That company's name is Imperial Oil, a subsidiary of oil giant ExxonMobil. And by Exxon's own admission, they've been big funders of climate science denial groups.
That company’s name is Imperial Oil, a subsidiary of oil giant ExxonMobil.
And by Exxon’s own admission, they’ve been big funders of climate science denial groups.
PBS News Hour recently asked Kenneth Cohen, Exxon’s vice president of Public & Government Affairs, about accusations leveled by New York state’s attorney general that the company has been funding groups seeking to undermine climate science.
“Exxon has funded a number of organizations that he said have been openly climate change deniers,” PBS host Judy Woodruff put to Cohen. “Has Exxon been funding these organizations?”
“Well, the answer is yes,” Cohen replied.
Cohen went on to draw a distinction between the groups they fund and the company’s own climate policies.
However, his answer only underlined Exxon’s own history opposing policies aimed at getting climate change under control:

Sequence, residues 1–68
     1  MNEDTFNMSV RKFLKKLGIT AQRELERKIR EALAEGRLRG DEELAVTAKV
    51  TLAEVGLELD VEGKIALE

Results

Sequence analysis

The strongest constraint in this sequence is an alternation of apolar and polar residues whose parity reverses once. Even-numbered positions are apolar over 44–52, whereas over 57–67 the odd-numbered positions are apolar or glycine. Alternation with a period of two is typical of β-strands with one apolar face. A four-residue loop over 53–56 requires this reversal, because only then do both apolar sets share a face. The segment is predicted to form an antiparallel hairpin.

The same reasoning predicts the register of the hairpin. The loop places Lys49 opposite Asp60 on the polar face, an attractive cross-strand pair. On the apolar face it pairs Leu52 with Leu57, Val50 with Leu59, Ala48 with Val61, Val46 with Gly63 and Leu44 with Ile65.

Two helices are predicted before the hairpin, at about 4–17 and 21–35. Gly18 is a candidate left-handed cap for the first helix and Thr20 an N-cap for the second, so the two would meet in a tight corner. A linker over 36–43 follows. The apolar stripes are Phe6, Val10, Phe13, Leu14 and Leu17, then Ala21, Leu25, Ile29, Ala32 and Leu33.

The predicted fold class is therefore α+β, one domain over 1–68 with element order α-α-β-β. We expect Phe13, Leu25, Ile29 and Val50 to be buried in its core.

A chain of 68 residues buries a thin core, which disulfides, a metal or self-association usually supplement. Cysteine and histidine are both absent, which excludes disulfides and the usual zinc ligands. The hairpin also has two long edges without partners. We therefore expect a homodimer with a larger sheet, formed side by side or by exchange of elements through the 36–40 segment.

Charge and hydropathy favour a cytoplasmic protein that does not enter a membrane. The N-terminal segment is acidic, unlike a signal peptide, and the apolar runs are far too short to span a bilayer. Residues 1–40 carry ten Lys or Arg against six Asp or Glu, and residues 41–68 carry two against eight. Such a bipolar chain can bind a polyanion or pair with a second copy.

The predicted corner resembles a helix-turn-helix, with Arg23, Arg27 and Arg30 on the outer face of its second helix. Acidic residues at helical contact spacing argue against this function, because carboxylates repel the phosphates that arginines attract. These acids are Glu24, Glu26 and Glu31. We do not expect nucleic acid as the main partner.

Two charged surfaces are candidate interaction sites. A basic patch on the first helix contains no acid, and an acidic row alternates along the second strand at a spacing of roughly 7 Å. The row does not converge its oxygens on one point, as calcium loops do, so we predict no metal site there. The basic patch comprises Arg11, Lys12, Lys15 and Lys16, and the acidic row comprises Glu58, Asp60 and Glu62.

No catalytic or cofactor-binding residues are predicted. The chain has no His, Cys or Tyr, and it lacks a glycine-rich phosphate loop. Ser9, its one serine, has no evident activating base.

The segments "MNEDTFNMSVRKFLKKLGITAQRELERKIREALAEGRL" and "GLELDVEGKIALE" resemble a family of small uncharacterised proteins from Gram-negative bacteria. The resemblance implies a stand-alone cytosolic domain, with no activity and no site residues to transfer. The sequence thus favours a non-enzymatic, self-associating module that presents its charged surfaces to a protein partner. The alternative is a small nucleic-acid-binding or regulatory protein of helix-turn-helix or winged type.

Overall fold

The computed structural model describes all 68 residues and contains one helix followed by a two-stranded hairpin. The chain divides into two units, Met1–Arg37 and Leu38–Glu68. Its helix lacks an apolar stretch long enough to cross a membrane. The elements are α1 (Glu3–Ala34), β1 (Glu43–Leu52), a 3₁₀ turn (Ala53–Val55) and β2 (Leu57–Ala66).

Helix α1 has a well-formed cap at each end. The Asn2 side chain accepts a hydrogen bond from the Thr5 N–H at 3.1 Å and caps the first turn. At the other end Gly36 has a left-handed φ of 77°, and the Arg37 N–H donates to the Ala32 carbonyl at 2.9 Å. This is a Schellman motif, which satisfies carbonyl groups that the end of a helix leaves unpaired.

“What we have been engaged in, both — we have been focused on understanding the science, participating with the broader scientific community in developing the science, while at the same time participating in understanding what would be and working with policy-makers on what would be appropriate policy responses to this evolving body of science. That’s why we were involved with large business coalitions challenging the adoption of the Kyoto protocol in the United States. And we then moved to oppose, for example, early adoption of cap-and-trade approaches in the U.S.”
The Atlas Network’s Canadian chapter includes groups like the Fraser Institute, the Canadian Taxpayers Federation, the MacDonald-Laurier Institute and the Manning Centre among its affiliates – many with documented histories of climate science denial.
Between 2003 and 2004, the Fraser Institute received $120,000 in funding from ExxonMobil according to the Vancouver Sun.
Fraser Institute’s former president Michael Walker indicated that funding paid for the work of Kenneth Green, presently the Institute’s Senior Director of Natural Resource Studies. ExxonMobil documents indicate this work was related to “climate change.”